campus fire safety

NFPA and The Center for Campus Fire Safety have long been advocates for fire safety on college campuses and September we’re teaming up again to promote Campus Fire Safety for Students, a campaign that raises awareness about the dangers of fires among college-aged students who live in on- and off-campus college housing.

 

According to The Center, during the 2017/2018 school year, one student lost her life in a Portland, Oregon off-campus fire.  A recent fire in San Marcos, Texas claimed the life of four additional students living off-campus during the school break in July.  From 2000 through mid-August 2018, 132 students died in 92 fatal fires on college campuses, in Greek housing, or in privately owned off-campus housing within three miles of the campus. Of the 92 fatal fires, 79 of them occurred in off-campus housing claiming 113 victims.

Are you involved in campus fire safety activities where you work? If yes, use September as the catalyst for raising awareness of college fire safety and have those conversations with students. The campaign provides a host of resources that focus on fire safety in college housing to help. Many resources are customizable and have been designed for sharing via social media, on college websites, in school newspapers, and for posting in dorms and on common area bulletin boards. They include:

  • Videos
  • Checklists
  • Tip sheets
  • Infographics and flyers
  • Posters

Find these and additional resources and information at www.nfpa.org/campus.

hurricanes
Hurricane Lane has made landfall along parts of Hawaii’s Big Island today triggering landslides and threatening serious flooding, according to CNN. About 7 to 12 inches of rain have already fallen since this morning and is considered one of the biggest threats to the island in decades. 
As Lane bears down on the Aloha State, the National Electrical Manufacturers Association (NEMA) is alerting contractors in the area of their “Evaluating Water-Damaged Electrical Equipment” document aimed specifically at contractors who will be called in to help with the damage assessment once the waters have receded. The guide is free and available to download on NEMA's website.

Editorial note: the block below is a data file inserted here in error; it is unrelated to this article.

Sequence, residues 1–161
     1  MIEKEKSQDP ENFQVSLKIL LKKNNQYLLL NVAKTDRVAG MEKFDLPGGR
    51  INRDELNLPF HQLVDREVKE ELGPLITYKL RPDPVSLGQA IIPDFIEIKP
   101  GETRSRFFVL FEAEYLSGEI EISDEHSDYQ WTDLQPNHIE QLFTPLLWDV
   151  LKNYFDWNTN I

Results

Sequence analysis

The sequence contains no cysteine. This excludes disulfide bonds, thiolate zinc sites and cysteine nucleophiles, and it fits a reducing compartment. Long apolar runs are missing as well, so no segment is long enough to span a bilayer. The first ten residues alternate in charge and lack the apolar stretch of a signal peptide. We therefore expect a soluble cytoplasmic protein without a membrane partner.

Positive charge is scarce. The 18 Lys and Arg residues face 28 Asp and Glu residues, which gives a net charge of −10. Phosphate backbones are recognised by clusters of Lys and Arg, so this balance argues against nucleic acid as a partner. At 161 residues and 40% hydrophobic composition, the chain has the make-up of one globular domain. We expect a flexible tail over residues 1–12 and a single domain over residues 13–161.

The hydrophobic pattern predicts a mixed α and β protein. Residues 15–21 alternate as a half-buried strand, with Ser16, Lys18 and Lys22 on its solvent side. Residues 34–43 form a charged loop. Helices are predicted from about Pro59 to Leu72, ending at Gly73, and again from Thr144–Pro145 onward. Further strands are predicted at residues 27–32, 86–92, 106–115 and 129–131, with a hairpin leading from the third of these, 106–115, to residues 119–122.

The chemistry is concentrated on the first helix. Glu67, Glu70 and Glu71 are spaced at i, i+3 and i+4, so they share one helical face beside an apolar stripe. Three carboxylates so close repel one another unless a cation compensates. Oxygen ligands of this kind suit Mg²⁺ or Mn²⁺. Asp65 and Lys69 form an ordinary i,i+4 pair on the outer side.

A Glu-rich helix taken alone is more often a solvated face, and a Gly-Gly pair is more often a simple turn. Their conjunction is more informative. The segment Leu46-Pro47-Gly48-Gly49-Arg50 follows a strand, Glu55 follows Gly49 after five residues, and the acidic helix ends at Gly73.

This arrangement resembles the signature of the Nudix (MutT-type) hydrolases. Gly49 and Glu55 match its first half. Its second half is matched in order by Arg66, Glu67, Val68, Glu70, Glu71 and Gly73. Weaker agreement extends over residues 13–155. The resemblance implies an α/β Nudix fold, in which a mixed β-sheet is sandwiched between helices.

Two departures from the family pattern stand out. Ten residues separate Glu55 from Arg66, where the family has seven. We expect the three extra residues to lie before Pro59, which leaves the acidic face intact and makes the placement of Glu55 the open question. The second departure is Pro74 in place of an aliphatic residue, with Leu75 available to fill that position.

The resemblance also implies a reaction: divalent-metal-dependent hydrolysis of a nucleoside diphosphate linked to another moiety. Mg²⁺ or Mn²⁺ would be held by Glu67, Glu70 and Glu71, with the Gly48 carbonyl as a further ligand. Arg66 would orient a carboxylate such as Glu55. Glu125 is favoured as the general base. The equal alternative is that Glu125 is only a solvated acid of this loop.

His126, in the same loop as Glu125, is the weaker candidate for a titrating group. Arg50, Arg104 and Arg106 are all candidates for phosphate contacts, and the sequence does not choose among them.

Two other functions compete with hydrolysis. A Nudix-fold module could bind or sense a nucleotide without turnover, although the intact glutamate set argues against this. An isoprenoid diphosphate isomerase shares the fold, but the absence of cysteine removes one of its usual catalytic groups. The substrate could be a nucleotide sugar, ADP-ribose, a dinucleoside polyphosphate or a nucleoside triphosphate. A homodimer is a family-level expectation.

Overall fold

The document provides guidelines on how to handle electrical equipment that has been exposed to water. It’s designed for suppliers, installers, inspectors and users of electrical products, and outlines items that require complete replacement or those that can be reconditioned by a trained professional. Such equipment includes:
  • Electrical distribution equipment
  • Power equipment
  • Transformers
  • Wire, cable and flexible cords
  • Wiring devices
  • GFCIs and surge protectors
  • Lighting fixtures and ballasts,
  • Motors and electronic products
According to NEMA, field representatives are reaching out to local officials in Hawaii with guidance on restoring electrical systems affected by wind, rain or flooding. NEMA also recommends that inspectors, suppliers and others contact the original manufacturer of the equipment if there are questions and/or a need for specific recommendations. 
Industry professionals looking for additional information about electrical safety related to hurricanes and storms can visit NFPA’s webpage for emergency preparedness.  
Photo: CNN

With the Fourth of July approaching and the summer months upon us, indulging in barbecues, holiday parties and swimming often top the list of activities to enjoy during the summer season. To help everyone do so safely, NFPA is reminding people about potential summer fire and electrical hazards, and providing tips and recommendations to minimize them.